Tis the Season (For Serious Year-End Tax Planning)December 12, 2012
What you need to know when thinking about year-end tax planning.
Debates regarding the Fiscal Cliff rage on and without Congressional action, unprecedented tax hikes are looming just around the corner.
On January 1, 2013, individual tax rates are scheduled to increase, with the top bracket on ordinary income reaching 39.6% (up from 35%), not taking into account phase outs of itemized deductions and personal exemption, which push tax rates even higher. Dividends, which currently qualify for the preferential capital gain rate of 15% lose that special status and become subject to much higher ordinary income tax rates. The tax rate on capital gains increases from 15% to 20%.
The scheduled increase in tax rates noted above are, by themselves, worthy of planning discussions. But one also needs to consider the new Medicare taxes of .9% on earned income and 3.8% on investment income both of which are scheduled to take effect in 2013. Couple these tax rate hikes with talks of limiting or eliminating certain personal itemized deductions for 2013 (mortgage interest and charitable contributions) and it is easy to understand that the stakes for not planning can be high, not to mention costly.
Taxpayers expecting rates to increase in 2013 should consider the benefits of accelerating income into 2012. A variety of techniques exist to accelerate income including, for example, selling appreciated securities and taking distributions from retirement plans (including converting a regular IRA to a Roth IRA). Those taxpayers who can exercise control of dividend paying corporations should consider seriously the advantages to the individual shareholders of paying a dividend in 2012 rather than in 2013. The tax savings can be as much as 29%.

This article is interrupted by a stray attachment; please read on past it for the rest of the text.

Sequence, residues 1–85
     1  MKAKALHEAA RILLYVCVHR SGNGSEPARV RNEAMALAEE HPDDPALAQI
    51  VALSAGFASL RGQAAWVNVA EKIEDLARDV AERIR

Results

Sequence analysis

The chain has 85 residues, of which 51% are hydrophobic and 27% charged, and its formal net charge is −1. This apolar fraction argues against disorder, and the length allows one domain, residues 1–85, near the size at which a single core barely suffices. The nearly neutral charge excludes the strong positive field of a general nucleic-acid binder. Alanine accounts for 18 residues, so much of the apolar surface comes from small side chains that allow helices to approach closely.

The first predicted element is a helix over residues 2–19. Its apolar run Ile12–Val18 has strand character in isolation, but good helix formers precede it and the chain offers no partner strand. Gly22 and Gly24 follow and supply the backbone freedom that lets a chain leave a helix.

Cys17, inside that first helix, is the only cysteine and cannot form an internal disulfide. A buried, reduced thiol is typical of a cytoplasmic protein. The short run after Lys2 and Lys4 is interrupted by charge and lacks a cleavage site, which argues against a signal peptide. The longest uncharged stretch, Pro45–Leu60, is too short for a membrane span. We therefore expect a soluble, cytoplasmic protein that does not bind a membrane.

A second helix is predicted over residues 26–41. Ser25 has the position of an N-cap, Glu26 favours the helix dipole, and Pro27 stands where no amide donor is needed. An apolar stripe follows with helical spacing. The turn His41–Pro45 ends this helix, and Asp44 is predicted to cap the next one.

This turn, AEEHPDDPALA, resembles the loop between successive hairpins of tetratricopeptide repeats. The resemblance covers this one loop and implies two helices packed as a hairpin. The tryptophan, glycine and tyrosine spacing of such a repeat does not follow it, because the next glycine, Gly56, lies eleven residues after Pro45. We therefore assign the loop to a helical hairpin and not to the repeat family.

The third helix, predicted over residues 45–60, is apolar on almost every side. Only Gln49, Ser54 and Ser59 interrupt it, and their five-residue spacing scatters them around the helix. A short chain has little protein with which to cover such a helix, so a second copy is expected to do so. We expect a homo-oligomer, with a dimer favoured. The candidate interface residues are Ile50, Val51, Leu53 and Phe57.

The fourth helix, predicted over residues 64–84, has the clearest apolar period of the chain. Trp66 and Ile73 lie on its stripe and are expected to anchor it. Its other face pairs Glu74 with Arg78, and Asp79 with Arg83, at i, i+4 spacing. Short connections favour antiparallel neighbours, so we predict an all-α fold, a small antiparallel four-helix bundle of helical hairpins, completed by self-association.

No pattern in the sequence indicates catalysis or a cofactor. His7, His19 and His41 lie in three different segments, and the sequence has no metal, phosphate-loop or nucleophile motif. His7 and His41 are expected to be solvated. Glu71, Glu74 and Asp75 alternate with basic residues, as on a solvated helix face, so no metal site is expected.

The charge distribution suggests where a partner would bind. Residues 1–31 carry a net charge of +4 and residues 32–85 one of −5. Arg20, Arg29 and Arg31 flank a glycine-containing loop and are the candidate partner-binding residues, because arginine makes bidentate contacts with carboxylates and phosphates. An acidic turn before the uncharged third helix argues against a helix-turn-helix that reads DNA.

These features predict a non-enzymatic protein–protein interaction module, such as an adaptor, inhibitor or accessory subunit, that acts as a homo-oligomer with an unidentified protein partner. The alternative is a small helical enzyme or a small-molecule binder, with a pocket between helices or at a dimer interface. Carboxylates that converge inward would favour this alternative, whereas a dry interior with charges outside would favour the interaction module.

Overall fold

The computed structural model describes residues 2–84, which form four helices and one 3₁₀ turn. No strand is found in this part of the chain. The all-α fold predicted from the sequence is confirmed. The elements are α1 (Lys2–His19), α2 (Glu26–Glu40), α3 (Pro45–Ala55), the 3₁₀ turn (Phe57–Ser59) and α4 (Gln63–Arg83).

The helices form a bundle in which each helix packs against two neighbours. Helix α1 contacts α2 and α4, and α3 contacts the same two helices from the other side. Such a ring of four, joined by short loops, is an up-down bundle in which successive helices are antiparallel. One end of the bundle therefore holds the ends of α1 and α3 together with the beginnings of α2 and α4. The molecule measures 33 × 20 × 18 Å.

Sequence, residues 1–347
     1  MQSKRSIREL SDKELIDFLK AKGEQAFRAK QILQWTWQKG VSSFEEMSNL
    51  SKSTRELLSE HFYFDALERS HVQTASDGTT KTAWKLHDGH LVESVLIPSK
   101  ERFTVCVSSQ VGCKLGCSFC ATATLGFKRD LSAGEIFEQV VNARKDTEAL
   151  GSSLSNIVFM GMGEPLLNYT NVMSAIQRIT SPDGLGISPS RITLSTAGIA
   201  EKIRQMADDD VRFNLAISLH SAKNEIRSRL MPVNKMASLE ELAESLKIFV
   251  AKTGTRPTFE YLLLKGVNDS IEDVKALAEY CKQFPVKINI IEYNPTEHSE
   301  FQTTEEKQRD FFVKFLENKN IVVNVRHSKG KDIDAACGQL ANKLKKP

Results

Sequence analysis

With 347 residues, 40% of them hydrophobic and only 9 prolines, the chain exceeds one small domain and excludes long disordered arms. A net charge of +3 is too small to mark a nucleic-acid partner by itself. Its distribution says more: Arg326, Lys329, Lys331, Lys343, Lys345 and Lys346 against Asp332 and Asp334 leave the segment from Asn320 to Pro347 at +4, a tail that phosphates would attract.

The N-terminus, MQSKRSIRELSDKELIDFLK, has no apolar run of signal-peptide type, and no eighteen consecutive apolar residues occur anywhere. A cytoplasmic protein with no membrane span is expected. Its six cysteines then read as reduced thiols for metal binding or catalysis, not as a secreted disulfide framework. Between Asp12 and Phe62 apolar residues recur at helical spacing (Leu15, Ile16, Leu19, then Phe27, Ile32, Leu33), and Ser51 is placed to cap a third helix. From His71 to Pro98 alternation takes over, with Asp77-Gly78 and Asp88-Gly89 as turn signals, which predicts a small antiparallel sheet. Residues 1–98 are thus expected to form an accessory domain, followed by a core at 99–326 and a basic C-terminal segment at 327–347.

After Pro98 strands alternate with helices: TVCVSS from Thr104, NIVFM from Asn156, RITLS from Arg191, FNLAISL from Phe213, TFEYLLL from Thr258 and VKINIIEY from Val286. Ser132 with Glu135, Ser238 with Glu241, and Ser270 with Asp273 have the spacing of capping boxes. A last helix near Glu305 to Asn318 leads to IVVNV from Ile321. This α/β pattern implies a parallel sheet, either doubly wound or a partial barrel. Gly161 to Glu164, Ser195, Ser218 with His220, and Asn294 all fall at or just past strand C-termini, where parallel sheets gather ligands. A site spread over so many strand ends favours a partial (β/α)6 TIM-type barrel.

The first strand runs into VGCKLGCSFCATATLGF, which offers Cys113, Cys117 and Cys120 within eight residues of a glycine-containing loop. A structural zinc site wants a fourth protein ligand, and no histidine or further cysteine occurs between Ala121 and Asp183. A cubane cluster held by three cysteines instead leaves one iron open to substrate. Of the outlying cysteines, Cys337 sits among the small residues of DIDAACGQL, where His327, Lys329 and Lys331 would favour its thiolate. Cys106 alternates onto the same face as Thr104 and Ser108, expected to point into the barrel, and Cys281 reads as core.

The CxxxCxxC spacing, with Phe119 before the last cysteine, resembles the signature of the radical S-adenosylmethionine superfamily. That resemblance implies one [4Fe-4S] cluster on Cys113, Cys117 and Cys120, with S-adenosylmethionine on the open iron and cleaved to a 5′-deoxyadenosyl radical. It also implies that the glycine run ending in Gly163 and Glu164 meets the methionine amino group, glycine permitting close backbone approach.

Similarly, taxpayers expecting tax rate increases may be tempted to defer deductions to 2013 but consideration needs to be made for the possibility that those deductions will be limited. Many clients with charitable goals may decide to make those contributions in 2012 and lock in the known tax advantages rather than risk limitation or elimination.
While tax rates are scheduled to increase, not all taxpayers will be in higher brackets in 2013 versus 2012. Variations in income and deductions from year to year as well as the impact of the alternative minimum tax all impact the planning discussion. For many clients, the classic planning of deferring income and accelerating deductions may still be the right strategy for 2012.
Uncertainty with respect to income tax rates is just one set of tax dilemmas confronted by taxpayers. Dramatic reductions in gift and estate tax exemptions scheduled to take effect on January 1, 2013 (from the current 5.12M down to $1M) also have taxpayers and their advisors scurrying to respond. Significant transfers of wealth are occurring at an unprecedented rate.
There is still time to pursue the many planning options to save what might amount to millions of dollars in estate taxes. These opportunities will be substantially diminished once exemptions hit bottom in 2013. Any member of the KLR Private Client Services Group can assist you with your year-end income and estate tax planning needs. Read more from the KLR Tax Services team on the KLR Global Tax Blog.